Always the last to know

Continuing in the "I am dumb" vein, I did think it was odd that Marcello Carlin wasn't updating his blog that much, but it happens. Well, in this case, it's because he got a new one, and it is great. Durrr.

Monday, July 12, 2004 

Ha ha ha I suck

Yeah, so I updated the journal yesterday, but then I totally forgot to mention it here. Oops.

Sunday, July 11, 2004 

He's losing it

Apparantly now if you protest Bush, he just gives you the finger. At least he doesn't have you shot.

Friday, July 09, 2004 

Thin white duke

So David Bowie though he had a shoulder injury, turns out he needed heart surgery. He's recovering well though, thank goodness.


Read, damnit

No, seriously. Yes, it's a study about the States rather than Canada, but I doubt it's much better up here.


Best thing ever dept.

Spiderman vs. Doctor Octopus - Lego style.

Wednesday, July 07, 2004 

The horrible truth about Burma

My Mission of Burma review is up today.


Tangled up in goo

Partly excellent article about wars of attrition here. Partly because the point Peters is making, that the only real way to win wars is to kill more people than the opponent, is 100% true and people have tended to act as if this isn't true recent.

HOWEVER, a few huge caveats need to be added in here. First of all, just because I think what he's saying is correct does not mean in any way that I like it. I do think that as long as our societies continue to engage in warfare, we should be honest about what that entails. That doesn't mean I think it's a sustainable (or laudable) model.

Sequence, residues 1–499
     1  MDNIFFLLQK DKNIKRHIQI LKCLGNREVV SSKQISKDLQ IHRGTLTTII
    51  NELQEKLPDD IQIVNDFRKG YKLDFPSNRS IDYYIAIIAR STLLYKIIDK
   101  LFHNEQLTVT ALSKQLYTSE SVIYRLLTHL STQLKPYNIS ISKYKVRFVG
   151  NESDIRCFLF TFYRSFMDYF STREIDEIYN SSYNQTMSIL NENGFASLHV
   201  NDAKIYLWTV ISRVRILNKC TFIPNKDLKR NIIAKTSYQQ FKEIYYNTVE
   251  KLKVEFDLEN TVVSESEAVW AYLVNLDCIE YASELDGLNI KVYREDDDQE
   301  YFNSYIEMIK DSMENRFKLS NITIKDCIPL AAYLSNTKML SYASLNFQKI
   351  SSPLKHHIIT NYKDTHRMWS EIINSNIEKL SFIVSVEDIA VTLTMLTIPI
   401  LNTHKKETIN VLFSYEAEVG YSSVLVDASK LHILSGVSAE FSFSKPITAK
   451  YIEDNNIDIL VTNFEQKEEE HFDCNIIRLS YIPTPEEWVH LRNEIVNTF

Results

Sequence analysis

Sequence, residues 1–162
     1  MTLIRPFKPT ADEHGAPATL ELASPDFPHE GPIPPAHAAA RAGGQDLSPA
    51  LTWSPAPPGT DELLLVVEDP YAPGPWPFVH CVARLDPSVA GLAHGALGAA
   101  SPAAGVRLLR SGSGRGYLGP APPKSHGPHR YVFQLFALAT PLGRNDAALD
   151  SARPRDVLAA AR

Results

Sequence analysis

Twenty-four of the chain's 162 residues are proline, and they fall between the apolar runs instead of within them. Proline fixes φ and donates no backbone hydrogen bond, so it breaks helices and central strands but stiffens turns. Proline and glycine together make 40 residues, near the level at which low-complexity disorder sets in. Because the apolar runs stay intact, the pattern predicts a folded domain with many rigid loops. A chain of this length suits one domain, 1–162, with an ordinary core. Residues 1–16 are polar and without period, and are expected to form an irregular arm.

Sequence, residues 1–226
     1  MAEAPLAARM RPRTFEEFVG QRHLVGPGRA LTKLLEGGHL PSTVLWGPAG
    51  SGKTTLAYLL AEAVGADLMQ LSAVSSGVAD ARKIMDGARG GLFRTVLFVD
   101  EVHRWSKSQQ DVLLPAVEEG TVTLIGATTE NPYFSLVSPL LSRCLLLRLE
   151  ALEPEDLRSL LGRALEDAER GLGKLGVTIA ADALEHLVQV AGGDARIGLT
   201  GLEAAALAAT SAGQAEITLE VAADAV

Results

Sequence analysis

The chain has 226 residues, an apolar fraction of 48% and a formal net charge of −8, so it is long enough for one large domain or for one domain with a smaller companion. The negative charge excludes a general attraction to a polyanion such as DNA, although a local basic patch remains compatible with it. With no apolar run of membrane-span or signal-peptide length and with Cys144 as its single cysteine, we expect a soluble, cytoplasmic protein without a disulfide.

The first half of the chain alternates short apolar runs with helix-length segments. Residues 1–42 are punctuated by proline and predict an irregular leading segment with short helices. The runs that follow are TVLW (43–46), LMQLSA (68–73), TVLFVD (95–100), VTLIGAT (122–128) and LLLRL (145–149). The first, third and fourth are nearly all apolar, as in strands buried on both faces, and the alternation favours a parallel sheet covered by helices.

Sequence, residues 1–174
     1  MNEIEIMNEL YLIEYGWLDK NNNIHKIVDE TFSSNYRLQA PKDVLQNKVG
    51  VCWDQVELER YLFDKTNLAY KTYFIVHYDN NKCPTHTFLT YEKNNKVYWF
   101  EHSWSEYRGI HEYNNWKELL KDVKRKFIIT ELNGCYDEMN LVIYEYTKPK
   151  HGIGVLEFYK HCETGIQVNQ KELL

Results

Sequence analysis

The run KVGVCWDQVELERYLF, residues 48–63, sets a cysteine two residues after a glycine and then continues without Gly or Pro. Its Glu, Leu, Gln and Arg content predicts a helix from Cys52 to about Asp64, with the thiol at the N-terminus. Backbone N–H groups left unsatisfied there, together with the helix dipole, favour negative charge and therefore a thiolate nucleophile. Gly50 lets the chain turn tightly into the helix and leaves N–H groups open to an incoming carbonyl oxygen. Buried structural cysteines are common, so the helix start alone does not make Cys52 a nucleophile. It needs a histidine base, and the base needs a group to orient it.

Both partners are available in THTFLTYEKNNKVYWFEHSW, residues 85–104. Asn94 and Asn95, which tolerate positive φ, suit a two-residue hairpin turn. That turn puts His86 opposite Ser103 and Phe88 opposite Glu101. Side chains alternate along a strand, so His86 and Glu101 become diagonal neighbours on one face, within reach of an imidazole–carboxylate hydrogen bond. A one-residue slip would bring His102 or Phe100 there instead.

Also, Peter's analysis of the "War on Terrorism" etc, etc, is severely skewed in a way that I, at least, don't agree with. So take those bits with several grains of salt.

Tuesday, July 06, 2004 


So I just went and watched the trailer for this new version of The Manchurian Candidate online (it looks pretty good, and this is certainly the time for it), and they had me watch an ad first. The ad was for the U.S. Army. Quite the coincidence.


The Floating World: I Against I

So, here we are. I've finally got the free time and the energy to start this thing up, over two weeks from when I said it'd be happening soon. This comes as a surprise to very few, I'd guess.

As you can tell by the top of this page, I've picked the name for the replacement for WES. I first encountered the term "floating world" in the context of Ukiyo-e, a type of art that flourished during the Tokugawa period of Japan. I mostly picked it because this column will be, as mentioned, "floating", with updates when I feel like it. But if this isn't claiming too much, I'd also like to try and replicate one of the aspects of Ukiyo-e, the fact that "although Ukiyo-e was initially considered 'low' art, by and for the non-elite classes, its artistic and technical caliber is consistently remarkable". I'm not trying to write "technically" or in some fashion that'll bamboozle those who don't read and think about music as much as I do, but I'd like it to be good stuff nonethless. This aspect of the title is mentioned with tongue firmly in cheek though, as I think I'd be flattering myself if I achieved that sort of goal consistently.